The real problem is not just in the high out of school number, but the fact that those in school are learning absolutely nothing. This is the problem that Nigeria must address as it goes for quantity,instead of quality. And unless serious attention is devoted to the issue of learning,Nigeria,not just Kaduna State will continue to lag behind other countries in every sphere of human endeavor, most especially in the area of science and technology. But how can Kaduna state students compete when the teachers are simply incapable of imparting knowledge? How can Nigeria hope to drive the new knowledge based economy,to propel socioeconomic development,when a teacher can’t write lesson note?
Moving forward the Kaduna State Government must also address other factors like inadequate teacher training and re-training, poor teachers’ welfare,which has also affected the profession. Two key programmes of the government the teacher – director,that aims to retain teachers in the school system is great. Worthy of commendation is also the complete overhaul of dilapidated infrastructures – labs, classrooms,and the provision of basic infrastructure should continue,though funding is a challenge. It is worthy of note that Kaduna State, has surpassed the UNESCO mandate requiring that 26% of annual budget is devoted to Education.
The Senate recently passed an amendment to the UBEC Act,that makes education free and compulsory,but the reality is that with the dwindling resources Government can’t fund education.Some critics of the reforms have their children in private schools,where the Parents Teachers Association(PTA), are known to fund the hiring of teachers for core subjects,but these same parents will hypocritically resist any attempt by the Government to ask for minimal contribution by the parents in the funding of Education. Considering the scope of work,the El- Rufai should consider lunching an Educational Fund,for rehabilitation and equipping of schools. It needs such an intervention to be able to address the crisis in the sector – for every one School fixed,there are 15 schools calling for attention.
From the various pronouncement of the governor,it is clear that there is no going back on the disengagement of the 21,780 teachers,as the process towards hiring the 25,000 new teachers has commenced. The disengaged teachers must take some blame for failing to improve themselves despite the five (5) years grace to obtain the NCE certificate,the minimum qualification for teaching in primary school.The greatest blame goes to the politicians who employed their thugs as teachers.
The challenge before those charged with the responsibility of engaging the new teachers, is to ensure that only the best and the very best who are passionate about teaching and who would be dedicated are hired. Most primary and secondary school teachers are accidental teachers- teaching is their last resort,when they can’t enlist in the customs or immigration. Such “accidental teachers” must be filtered out,because this is the only way that the the decision to weed out misfits would in the long run be justified.The exercise must not be politicized. It won’t make sense to sack thugs and engage thugs. According to the governor “The hiring of teachers in the past was politicised and we intend to change that by bringing in young and qualified primary school teachers to restore the dignity of education in the state,”. Good talk and the governor must walk the talk.The Statement of the governor should be read to all at the examination centers for them to appreciate the seriousness of the programme.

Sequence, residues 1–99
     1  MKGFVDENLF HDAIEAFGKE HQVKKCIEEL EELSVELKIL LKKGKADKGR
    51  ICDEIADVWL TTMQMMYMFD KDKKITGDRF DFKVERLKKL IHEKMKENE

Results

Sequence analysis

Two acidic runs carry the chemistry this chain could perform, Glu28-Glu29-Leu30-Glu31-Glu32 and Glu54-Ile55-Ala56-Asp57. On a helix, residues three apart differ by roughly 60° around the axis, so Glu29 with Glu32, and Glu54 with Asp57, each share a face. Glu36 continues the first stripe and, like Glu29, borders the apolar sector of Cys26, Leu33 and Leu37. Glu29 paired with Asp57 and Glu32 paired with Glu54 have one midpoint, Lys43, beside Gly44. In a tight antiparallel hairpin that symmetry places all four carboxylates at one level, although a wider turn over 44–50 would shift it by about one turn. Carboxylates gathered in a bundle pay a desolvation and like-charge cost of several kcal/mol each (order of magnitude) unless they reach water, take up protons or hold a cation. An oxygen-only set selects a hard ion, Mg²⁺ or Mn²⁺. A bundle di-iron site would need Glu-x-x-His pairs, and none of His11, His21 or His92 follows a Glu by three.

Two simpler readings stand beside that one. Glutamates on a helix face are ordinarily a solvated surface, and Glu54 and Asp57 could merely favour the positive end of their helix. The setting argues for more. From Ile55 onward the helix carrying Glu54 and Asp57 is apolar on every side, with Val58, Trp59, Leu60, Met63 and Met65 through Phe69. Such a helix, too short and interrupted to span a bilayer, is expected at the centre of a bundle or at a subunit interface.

It is obvious that not all the new teachers that will be engaged will have the same level of competence from the very outset- strong set of values, skills and knowledge,so the urgent task will be building and sustaining these relevant competencies. These three (3), key values that have been identified as important for the 21st century teacher; learner-centredness, teacher identity, and service to the profession and Community, values that guide the application of relevant skills and knowledge on a day-to-day basis,must be impacted on these new teachers. The teachers to be need these holistic array of skills – for teaching and thinking, administration and management; as well as knowledge – of self, pupils, and community. What role can the National Teachers Institute(NTI),play especially, in the area of capacity building for the new teachers?Good teaching does not occur in a vacuum. It is a long way,but achievable.
According to Darling-Hammond the task of a modern teacher is closely tied to the nature of the classroom. Today’s classrooms call for teachers to “prepare virtually all students for higher order thinking and performance skills once reserved to only a few”. Will the El – Rufai foot soldiers ( new teachers) share his vision and help move the educational system forward?
Moving forward,the ambitions of Kaduna State will determine how it moves on -are the goals of Kaduna State global or is Kaduna State contented being the “northern champion” ? American physician, writer and Harvard professor Oliver Wendell Holmes once said, “The great thing in the world is not so much where we stand, as in what direction we are moving.” The next step forward, therefore, is up to all – government, parents,teachers and indeed all stakeholders.It must not be change,for the sake of change.